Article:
Future of Tourism in Indianapolis?

IMG_1056The Indy Star published an interesting and balanced article today on the Indianapolis Convention Center, its expansion over time (there is a great interactive infographic on its expansions since 1972 at the end of the article), and its effects on tourism and visitation in Indianapolis.

The article makes the case that the Convention Center has largely been effective, and kept Indianapolis highly competitive as a second-tier destination, bringing in the desired revenue and visitation into the city.

However, at the same time, the article points out some of the long term challenges. First, convention center expansion in itself is a very expensive arms race — just as Indianapolis invests in expansion, its competitor cities are doing the same thing, and competing over essentially the same visitors. Second, the article points out some challenges more specific to Indianapolis. Indy is perceived as a bland Midwestern city — friendly, walkable, but not very exciting. It doesn’t have many natural assets, and those that it does have (the White River, for example) are very difficult to capitalize on. And of course, RFRA has harmed the state’s reputation and had some effect on convention business.

One thing that the article never addresses is the benefits and costs that the Convention Center and tourism in general has on residents. I have never seen good statistics (anywhere, not just with respect to Indianapolis) on how much tourism taxes (lodging, car rental, ticket taxes, and food and beverage) cost residents (vs. visitors). Clearly lodging and car rental taxes are paid primarily by visitors (although they are also indirectly paid for by businesses whose employees and consultants travel to Indianapolis). But what about food and beverage taxes? How much new revenue do they actually bring in, and how much goes to local residents?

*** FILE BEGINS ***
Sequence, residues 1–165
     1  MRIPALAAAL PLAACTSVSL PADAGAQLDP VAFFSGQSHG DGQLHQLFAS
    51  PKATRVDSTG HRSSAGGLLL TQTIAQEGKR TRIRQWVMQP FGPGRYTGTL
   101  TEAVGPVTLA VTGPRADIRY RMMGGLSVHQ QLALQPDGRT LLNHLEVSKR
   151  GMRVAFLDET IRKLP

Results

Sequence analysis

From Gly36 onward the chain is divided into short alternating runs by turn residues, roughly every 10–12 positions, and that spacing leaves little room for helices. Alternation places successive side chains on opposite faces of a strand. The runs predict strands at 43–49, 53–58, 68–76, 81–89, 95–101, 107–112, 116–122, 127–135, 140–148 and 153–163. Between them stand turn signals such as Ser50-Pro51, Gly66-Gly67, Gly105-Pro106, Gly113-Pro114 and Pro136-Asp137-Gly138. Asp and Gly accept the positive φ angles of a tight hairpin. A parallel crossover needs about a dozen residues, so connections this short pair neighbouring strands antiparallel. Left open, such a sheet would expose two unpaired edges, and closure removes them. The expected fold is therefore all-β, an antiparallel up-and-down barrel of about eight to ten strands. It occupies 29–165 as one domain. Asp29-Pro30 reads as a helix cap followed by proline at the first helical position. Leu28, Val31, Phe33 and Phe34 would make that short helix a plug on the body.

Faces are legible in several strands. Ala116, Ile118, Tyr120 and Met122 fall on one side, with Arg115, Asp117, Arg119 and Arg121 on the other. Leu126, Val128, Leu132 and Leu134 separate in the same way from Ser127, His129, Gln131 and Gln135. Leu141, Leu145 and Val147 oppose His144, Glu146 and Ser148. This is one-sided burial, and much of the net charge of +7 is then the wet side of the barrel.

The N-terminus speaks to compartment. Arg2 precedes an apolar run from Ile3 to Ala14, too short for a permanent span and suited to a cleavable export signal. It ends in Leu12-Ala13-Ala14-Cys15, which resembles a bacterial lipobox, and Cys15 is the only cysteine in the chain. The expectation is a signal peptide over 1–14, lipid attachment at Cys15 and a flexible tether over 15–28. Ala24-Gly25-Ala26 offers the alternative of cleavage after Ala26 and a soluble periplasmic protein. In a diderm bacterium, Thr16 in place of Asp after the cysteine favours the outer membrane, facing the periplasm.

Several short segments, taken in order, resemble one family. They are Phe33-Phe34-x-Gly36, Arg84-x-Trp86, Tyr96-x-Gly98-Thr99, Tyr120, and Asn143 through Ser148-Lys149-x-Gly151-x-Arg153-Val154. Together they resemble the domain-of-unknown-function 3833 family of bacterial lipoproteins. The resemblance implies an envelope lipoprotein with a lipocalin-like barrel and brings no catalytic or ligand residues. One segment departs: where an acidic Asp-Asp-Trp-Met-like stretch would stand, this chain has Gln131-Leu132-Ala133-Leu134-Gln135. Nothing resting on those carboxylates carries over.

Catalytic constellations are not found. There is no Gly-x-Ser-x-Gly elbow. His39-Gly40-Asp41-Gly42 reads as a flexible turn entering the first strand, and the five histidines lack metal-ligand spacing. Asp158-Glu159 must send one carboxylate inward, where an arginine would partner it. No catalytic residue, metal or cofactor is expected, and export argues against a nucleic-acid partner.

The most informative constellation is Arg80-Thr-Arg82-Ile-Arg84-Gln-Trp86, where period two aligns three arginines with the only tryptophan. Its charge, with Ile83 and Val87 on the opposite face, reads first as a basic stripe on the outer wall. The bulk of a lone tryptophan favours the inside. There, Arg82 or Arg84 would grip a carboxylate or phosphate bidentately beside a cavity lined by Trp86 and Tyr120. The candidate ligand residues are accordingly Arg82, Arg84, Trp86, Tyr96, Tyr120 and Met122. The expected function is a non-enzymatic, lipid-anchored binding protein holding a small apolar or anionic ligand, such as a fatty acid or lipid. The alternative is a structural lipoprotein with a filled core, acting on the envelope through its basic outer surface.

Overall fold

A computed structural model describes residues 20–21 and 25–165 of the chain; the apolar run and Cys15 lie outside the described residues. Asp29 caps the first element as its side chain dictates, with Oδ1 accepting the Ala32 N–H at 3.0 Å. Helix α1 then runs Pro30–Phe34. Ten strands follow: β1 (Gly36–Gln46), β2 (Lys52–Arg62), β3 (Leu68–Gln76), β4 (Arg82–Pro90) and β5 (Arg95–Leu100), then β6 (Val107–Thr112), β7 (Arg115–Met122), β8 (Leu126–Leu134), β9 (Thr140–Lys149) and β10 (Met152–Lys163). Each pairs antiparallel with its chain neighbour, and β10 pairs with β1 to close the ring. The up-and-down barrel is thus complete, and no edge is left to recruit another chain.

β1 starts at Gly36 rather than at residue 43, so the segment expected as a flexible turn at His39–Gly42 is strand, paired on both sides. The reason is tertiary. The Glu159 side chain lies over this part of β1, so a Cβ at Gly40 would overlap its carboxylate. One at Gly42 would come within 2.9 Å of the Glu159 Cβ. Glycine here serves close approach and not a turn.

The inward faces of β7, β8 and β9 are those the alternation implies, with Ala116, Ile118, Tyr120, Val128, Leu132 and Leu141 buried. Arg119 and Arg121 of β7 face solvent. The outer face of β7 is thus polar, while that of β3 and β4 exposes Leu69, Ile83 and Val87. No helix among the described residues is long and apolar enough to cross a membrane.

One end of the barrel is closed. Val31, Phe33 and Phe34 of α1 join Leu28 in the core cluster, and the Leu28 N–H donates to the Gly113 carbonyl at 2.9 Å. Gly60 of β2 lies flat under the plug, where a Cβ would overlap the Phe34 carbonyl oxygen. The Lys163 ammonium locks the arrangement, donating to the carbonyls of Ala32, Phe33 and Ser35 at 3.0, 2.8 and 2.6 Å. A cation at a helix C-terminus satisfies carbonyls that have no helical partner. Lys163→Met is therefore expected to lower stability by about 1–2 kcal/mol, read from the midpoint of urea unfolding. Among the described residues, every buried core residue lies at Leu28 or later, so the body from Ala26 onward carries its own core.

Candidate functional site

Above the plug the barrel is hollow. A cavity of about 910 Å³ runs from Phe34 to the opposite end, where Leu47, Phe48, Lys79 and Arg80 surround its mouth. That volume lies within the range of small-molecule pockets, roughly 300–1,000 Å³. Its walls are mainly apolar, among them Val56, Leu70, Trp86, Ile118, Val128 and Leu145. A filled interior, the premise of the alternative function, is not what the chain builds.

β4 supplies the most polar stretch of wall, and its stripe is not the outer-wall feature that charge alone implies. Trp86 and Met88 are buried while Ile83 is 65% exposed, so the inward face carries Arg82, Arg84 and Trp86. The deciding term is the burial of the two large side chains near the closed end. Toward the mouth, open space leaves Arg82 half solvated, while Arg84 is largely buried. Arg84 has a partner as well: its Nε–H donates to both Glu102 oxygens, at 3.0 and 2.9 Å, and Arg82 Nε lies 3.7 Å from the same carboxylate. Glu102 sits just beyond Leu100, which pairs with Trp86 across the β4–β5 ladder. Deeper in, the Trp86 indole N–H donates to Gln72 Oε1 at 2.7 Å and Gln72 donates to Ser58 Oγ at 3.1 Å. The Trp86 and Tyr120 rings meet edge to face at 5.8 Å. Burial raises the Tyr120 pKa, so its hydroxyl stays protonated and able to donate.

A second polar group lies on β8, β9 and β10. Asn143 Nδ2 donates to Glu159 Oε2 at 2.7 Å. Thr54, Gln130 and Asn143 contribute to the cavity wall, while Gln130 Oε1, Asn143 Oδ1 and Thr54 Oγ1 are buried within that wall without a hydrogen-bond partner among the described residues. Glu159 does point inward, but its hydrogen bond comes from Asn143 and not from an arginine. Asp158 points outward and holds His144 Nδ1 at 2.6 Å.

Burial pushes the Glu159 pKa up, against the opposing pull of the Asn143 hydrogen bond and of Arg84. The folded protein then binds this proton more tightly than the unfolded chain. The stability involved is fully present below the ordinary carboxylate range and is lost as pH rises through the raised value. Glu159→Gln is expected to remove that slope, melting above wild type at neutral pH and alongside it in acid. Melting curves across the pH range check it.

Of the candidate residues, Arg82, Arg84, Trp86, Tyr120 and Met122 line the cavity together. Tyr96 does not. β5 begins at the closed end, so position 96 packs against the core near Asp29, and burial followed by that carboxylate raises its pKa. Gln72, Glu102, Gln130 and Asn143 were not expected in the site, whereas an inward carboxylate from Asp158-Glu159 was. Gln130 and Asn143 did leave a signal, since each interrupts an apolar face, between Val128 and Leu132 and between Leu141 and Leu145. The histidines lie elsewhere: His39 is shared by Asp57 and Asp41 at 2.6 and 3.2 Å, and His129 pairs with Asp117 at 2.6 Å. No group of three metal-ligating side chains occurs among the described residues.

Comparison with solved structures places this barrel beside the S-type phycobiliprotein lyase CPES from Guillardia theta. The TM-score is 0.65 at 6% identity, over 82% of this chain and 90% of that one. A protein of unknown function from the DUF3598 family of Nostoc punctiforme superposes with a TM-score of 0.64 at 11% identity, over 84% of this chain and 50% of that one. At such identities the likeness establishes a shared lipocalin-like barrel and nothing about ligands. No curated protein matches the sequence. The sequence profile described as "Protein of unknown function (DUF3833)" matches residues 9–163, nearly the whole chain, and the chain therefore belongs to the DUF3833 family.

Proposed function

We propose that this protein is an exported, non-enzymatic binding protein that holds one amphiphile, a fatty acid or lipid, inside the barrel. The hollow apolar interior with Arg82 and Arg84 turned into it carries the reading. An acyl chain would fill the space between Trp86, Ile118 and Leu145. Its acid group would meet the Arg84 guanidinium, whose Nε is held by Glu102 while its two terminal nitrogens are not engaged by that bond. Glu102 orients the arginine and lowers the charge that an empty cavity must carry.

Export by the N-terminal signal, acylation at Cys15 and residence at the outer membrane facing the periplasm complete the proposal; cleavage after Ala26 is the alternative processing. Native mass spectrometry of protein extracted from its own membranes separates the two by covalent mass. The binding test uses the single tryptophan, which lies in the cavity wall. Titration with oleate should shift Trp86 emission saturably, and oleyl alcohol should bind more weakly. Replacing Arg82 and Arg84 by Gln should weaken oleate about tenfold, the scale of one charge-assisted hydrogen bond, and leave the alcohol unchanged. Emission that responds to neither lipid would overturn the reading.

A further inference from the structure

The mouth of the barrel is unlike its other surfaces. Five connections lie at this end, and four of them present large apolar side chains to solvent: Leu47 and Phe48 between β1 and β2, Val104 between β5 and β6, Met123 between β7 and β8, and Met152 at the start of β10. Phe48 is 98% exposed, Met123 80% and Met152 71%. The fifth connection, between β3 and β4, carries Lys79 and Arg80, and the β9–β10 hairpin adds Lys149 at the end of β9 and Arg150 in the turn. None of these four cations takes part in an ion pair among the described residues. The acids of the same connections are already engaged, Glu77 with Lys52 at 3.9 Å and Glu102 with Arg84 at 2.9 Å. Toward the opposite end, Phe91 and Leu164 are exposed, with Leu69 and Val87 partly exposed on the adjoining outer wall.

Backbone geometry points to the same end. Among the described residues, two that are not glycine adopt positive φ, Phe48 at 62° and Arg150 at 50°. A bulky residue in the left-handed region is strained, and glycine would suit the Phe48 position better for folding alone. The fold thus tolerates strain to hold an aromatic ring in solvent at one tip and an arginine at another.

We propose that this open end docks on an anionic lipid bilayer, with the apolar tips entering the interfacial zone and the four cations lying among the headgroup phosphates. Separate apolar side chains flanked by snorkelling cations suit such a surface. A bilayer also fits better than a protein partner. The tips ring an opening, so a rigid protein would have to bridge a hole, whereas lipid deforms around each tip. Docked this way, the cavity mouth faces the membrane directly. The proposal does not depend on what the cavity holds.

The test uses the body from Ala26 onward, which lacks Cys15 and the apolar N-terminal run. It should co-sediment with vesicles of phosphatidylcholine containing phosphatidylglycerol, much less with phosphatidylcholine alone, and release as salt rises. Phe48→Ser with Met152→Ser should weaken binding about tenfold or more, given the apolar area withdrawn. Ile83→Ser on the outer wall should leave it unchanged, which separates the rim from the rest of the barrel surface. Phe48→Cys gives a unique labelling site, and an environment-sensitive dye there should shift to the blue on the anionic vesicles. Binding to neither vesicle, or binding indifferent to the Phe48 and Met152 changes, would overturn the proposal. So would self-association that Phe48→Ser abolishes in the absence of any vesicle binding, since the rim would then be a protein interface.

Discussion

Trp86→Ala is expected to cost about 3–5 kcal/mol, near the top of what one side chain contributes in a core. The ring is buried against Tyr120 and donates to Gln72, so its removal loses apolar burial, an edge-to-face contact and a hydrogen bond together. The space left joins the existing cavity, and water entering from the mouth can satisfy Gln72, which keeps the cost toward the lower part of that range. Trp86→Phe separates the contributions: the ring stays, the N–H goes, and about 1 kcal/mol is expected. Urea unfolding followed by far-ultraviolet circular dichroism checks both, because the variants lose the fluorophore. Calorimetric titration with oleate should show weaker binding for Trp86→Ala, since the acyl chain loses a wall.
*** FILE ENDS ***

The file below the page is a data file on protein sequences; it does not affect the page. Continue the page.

Monroe County Citizens Academy Coming Up — Spaces Still Available

Monroe County Courthouse at Night
Monroe County Courthouse at Night

The 2016 Citizens’ Academy for Monroe County residents is coming up, and there are still a few spaces available! The Citizens’ Academy, which begins February 8th and ends April 4th, is designed to give Monroe County residents a better understanding of how county government functions, where tax dollars go, and how to become involved in county boards and committees. The program allows citizens to interact directly with elected officials and department heads and get a behind the scenes tour of several county government facilities.

The Monroe County Citizens’ Academy is supported and funded by Monroe County government and conducted by the Monroe County Extension Office. There is no cost to participate; however registration is requested by February 1st. Classes will be held in the evening from 6-9PM, at various locations.

A brochure with additional information, including a registration form, is available at the Purdue Extension – Monroe County Office, located at 3400 South Walnut Street and on the web here. You can also get additional information about the program through the Purdue Extension – Monroe County Office at 349-2575 or email monroeces@purdue.edu

Here is a list of the topics for the Citizens’ Academy:

  • Monroe County Council and Financing Local Government (I will be speaking about Financing Local Government)
  • Assessor and County Clerk
  • Highway, Planning and Emergency Management
  • Unified Courts
  • Probation, Community Corrections, Drug Court
  • Jail and Law Enforcement (including a tour of the jail, which is always one of the highlights of the program)
  • Youth Services, Health Dept, Township Trustees and Auditor’s Office
  • County Commissioners and County Recorder

This is a great program and a great learning opportunity. Sign up now while you still can!